Apple ordered to pay up to 13bn after EU rules Ireland broke state aid laws

European commission says Apple got illegal help with tax breaks but CEO Tim Cook says ruling threatens investment in Europe

Apple has been ordered to pay a record figure of up to 13bn (11bn) in back taxes to Ireland after the European commission ruled that deals between Apple and the Irish tax authorities amounted to illegal state aid.

The commission said Irelands tax arrangements with Apple between 1991 and 2015 had allowed the US company to attribute sales to a head office that existed on paper only and could not have generated such profits.

The result was that Apple avoided tax on almost all profits from sales of its products across the EUs single market by booking the profits in Ireland rather than the country in which the product was sold.

Apple and Ireland have rejected the commissions account and said they intend to appeal against the ruling. The figure of 13bn plus interest 40 times the previous record for such a case is the equivalent of the annual budget for the Irish health service. Irish campaigners are also calling for the windfall to be invested in public housing.

The taxable profits of Apple Sales International and Apple Operations Europe did not correspond to economic reality, the commission said. Apple paid an effective tax rate of 1% in 2003 on profits of Apple Sales International. The rate dropped to 0.005% in 2014.

Margrethe Vestager, the European competition commissioner, said: Member states cannot give tax benefits to selected companies this is illegal under EU state aid rules. The commissions investigation concluded that Ireland granted illegal tax benefits to Apple, which enabled it to pay substantially less tax than other businesses over many years.

Tim Cook, Apple CEO. Photograph: Justin Sullivan/Getty Images

Vestager said state aid rules did not cover where profits should have been recorded but suggested other countries could claim unpaid tax from Apple for the same period and that this would reduce the bill owed to Ireland.

Tim Cook, Apples chief executive, said the commission was rewriting Apples record in Ireland, overriding Irish law and disrupting the international tax system. He said Apple chose the Irish city of Cork as its European base 30 years ago and had expanded from 60 workers to almost 6,000 in Ireland.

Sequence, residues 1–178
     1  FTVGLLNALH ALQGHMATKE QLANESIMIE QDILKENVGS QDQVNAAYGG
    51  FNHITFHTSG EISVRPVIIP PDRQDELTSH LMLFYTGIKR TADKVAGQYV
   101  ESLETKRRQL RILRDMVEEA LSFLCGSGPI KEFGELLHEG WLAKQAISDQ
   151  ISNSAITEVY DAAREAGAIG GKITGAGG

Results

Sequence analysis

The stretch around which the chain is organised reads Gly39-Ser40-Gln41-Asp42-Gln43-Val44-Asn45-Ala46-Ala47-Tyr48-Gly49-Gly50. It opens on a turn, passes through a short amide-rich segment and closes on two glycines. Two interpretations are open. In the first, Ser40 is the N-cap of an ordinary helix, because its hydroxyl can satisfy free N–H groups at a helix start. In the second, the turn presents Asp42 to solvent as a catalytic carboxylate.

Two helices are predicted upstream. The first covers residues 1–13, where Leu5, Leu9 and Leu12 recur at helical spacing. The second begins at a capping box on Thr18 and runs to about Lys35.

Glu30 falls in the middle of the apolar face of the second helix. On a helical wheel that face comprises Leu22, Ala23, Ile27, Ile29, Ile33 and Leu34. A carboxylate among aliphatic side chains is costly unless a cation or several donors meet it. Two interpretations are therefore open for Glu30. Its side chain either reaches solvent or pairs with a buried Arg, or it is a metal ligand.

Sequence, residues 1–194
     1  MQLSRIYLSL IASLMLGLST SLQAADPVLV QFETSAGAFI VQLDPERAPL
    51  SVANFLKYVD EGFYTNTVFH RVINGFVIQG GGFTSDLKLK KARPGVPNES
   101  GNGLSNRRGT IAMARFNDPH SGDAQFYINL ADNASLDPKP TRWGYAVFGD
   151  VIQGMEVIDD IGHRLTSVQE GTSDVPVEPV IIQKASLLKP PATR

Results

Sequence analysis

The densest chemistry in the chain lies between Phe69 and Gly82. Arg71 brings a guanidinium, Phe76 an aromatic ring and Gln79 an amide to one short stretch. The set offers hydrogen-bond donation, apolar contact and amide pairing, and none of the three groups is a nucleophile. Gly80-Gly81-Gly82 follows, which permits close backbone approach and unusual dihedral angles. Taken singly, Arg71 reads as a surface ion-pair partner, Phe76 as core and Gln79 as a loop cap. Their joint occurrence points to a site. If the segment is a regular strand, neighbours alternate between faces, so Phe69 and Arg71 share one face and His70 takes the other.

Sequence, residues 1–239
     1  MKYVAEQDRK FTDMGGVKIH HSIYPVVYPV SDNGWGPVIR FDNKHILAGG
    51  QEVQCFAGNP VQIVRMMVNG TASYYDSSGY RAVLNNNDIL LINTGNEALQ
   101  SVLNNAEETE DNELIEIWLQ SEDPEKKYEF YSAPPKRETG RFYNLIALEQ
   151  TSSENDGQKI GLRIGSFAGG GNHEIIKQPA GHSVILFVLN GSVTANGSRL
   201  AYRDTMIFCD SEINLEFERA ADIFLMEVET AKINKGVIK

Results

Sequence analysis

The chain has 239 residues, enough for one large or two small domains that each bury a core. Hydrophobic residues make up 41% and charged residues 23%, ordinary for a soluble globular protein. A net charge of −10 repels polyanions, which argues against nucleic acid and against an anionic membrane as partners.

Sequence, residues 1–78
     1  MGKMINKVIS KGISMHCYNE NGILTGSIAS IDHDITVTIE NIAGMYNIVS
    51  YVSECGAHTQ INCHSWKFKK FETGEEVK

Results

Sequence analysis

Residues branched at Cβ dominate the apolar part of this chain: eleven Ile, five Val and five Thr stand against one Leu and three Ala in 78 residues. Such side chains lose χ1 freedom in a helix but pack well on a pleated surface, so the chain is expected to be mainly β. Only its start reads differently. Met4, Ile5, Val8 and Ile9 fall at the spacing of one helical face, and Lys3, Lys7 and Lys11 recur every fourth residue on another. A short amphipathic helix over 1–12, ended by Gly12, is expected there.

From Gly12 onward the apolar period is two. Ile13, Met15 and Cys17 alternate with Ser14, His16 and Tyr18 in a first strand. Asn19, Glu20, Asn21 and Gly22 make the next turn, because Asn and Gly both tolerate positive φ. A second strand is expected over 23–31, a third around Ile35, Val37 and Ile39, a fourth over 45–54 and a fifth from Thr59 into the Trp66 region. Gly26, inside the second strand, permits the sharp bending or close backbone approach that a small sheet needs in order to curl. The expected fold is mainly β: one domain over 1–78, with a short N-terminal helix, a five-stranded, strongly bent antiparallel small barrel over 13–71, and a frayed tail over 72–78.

The commissions decision threatened investment and job creation in Europe by subjecting companies to unpredictable tax rulings, Cook said. He said Apple would appeal and that he was confident of winning.

Cook said: We never asked for, nor did we receive, any special deals. We now find ourselves in the unusual position of being ordered to retroactively pay additional taxes to a government that says we dont owe them any more than weve already paid.

The commissions decision is a rebuff to US efforts to persuade it to drop the case after warnings of retaliation from Washington. The US Treasury department said last week the commissions investigations departed from international tax norms and would affect US companies disproportionately.

Apple, which changed its tax arrangements with Ireland in 2015, should be able to pay the tax because it has a stockpile of more than $230bn (176bn) of cash and securities, mostly held outside the US.

The 13bn figure covers the 10 years before the commission first requested information in 2013. The commission said it was up to Ireland to collect the tax from Apple but the Irish governmentwants the ruling reversed because it wants to preserve its status as a low-tax base for overseas companies.

Irelands finance minister, Michael Noonan, said Dublin would also appeal against the ruling. He said: The decision leaves me with no choice but to seek cabinet approval to appeal. This is necessary to defend the integrity of our tax system, to provide tax certainty to business and to challenge the encroachment of EU state aid rules into the sovereign member state competence of taxation.

A cabinet meeting will be held in Dublin on Wednesday to discuss the fallout from the ruling.At the heart of the Fine Gael-led administrations objections is that it would cause Ireland reputational damage in the eyes of other mainly US multinationals thinking of establishing their European base in the Republic.

Fine Gael, the main opposition party Fianna Fil, and a host of independent deputies serving as ministers in the coalition government support the low-tax regime for multinationals because it has created hundreds of thousands of jobs.

Richard Murphy, a tax campaigner and a professor in international political economy at City University in London, said: This is a great day for the sovereignty of the EUs nations when it comes to tax. They will now be able to choose their own tax policies knowing another state should not be consciously undermining them when doing so. The Irish state has for too long been committed to tax abuse, unfair competition and secrecy, all of which are designed to undermine fair competition and increase inequality.

The commission has been examining Apples tax deals with Ireland for three years. The deals have allowed the US company to pay very little tax on income earned throughout Europe. The commission opened a formal inquiry in 2014 after initial findings concluded that the arrangements amounted to state aid incompatible with the single market.

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